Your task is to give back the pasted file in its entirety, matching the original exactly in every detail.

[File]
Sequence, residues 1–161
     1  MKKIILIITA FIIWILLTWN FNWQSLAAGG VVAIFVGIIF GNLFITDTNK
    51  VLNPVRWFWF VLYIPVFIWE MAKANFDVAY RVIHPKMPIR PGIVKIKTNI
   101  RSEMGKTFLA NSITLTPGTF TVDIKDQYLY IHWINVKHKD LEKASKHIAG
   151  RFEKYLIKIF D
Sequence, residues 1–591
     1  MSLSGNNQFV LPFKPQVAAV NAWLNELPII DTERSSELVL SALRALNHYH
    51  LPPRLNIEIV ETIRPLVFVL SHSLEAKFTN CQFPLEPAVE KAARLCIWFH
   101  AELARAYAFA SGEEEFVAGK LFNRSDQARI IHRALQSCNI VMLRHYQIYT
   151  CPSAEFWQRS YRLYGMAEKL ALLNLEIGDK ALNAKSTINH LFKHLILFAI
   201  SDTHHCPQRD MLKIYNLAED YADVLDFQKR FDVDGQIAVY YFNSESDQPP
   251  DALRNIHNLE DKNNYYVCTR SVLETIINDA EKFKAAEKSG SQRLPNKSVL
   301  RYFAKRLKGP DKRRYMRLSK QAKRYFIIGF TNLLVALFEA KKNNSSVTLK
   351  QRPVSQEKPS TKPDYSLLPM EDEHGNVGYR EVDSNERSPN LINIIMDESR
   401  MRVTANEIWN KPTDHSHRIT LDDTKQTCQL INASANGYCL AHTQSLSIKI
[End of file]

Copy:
Sequence, residues 1–161
     1  MKKIILIITA FIIWILLTWN FNWQSLAAGG VVAIFVGIIF GNLFITDTNK
    51  VLNPVRWFWF VLYIPVFIWE MAKANFDVAY RVIHPKMPIR PGIVKIKTNI
   101  RSEMGKTFLA NSITLTPGTF TVDIKDQYLY IHWINVKHKD LEKASKHIAG
   151  RFEKYLIKIF D
Sequence, residues 1–591
     1  MSLSGNNQFV LPFKPQVAAV NAWLNELPII DTERSSELVL SALRALNHYH
    51  LPPRLNIEIV ETIRPLVFVL SHSLEAKFTN CQFPLEPAVE KAARLCIWFH
   101  AELARAYAFA SGEEEFVAGK LFNRSDQARI IHRALQSCNI VMLRHYQIYT
   151  CPSAEFWQRS YRLYGMAEKL ALLNLEIGDK ALNAKSTINH LFKHLILFAI
   201  SDTHHCPQRD MLKIYNLAED YADVLDFQKR FDVDGQIAVY YFNSESDQPP
   251  DALRNIHNLE DKNNYYVCTR SVLETIINDA EKFKAAEKSG SQRLPNKSVL
   301  RYFAKRLKGP DKRRYMRLSK QAKRYFIIGF TNLLVALFEA KKNNSSVTLK
   351  QRPVSQEKPS TKPDYSLLPM EDEHGNVGYR EVDSNERSPN LINIIMDESR
   401  MRVTANEIWN KPTDHSHRIT LDDTKQTCQL INASANGYCL AHTQSLSIKI